That right-side forward position, unfortunately, remained a mess. Given a chance to make it his own this season, Alex Oxlade-Chamberlain instead found himself unable to provide consistent attack throughout the season. When he went down against Sheffield Wednesday, the team was forced to turn to two players: first, it was Joel Campbell’s turn. And if we’re honest, Campbell showed every bit of his potential and talent this season. It didn’t prove enough to make Arsene Wenger give him the job, but at the very least, Joel showed himself a capable player for someone. This meant that, with Ox and Theo unavailable, the manager turned to youngster Alex Iwobi. And the young Nigerian proved to be one of the highlights of the season as he provided verve, energy and a connection with both Alexis Sanchez and Mesut Ozil.
If there was one highlight this season, it has to be the German midfielder. I know that three years ago, when he was purchased for a record 42.7M pounds, we all knew that Arsenal was getting a world-class player. But I don’t think we understood what that truly meant until this season. It’s not just his near-record 19 assists or his 9 goals across the various competitions. It’s how he bossed games, how he ran the attack like only the best players can and how he made it seem so effortlessly. Just as vital, it was how much more of a presence he assumed in the team. He was harrying. He was shouting for the ball. He was getting frustrated and demanding his teammates give more. 2016-17 is the season Arsenal became Mesut Ozil’s team. It is now up to the rest of the squad – and the manager – to ensure the team is up to his standards.
And while it may look like I am down on the team and the season, let me dispel that notion. There were plenty of fun times and moments I will not forget. Watching Arsenal tear Manchester United open in September felt like a corner had been turned. That last minute Danny Welbeck winner against Leicester, which caused such a screaming, happy fit all over the globe. The brace from Flamini against Tottenham and how we were all shocked by that from him. And obviously, that glorious final day as we all saw Arsenal demolish an already-relegated Aston Villa while already-relegated Newcastle demolished Tottenham with 10 men. Such great days.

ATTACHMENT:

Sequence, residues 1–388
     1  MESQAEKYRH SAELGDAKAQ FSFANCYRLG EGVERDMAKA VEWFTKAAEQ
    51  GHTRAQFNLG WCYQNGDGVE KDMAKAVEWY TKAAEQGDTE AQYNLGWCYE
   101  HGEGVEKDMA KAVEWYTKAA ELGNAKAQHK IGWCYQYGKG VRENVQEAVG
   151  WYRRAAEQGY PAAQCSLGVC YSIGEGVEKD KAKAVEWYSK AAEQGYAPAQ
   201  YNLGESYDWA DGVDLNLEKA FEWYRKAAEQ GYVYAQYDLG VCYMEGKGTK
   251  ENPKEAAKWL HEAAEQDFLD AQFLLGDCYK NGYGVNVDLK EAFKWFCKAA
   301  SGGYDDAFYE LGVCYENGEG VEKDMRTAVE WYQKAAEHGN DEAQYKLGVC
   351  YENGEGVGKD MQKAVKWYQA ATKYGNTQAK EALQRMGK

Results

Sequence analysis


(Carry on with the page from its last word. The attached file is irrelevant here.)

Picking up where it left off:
On a personal note, I’ll never forget the Arsenal America Road Trip this past season and getting to experience my first games at Emirates. The chill of the night as we saw Arsenal beat Everton. Enjoying the pubs around North London before AND after the matches. Taking the Stadium Tour and meeting Nigel Winterburn. Rummaging through the Armoury and trying to find ways to get something Arsenal for my Chelsea-loving brother’s kid. And, most of all, being there that night when Arsenal took on the best team in the world in FC Bayern Munich and beat them 2-0. That was one of the best nights I think I’ve ever experienced. The match, the partying, the friends from near and far made that trip. It was all awesome.
OK, this has gone on far more verbose than I thought it would. Let me end it here. Part 3 comes soon and in there we’ll talk the squad and transfers (Start singing “Ooga Xhaka, Ooga Ooga Ooga Xhaka”)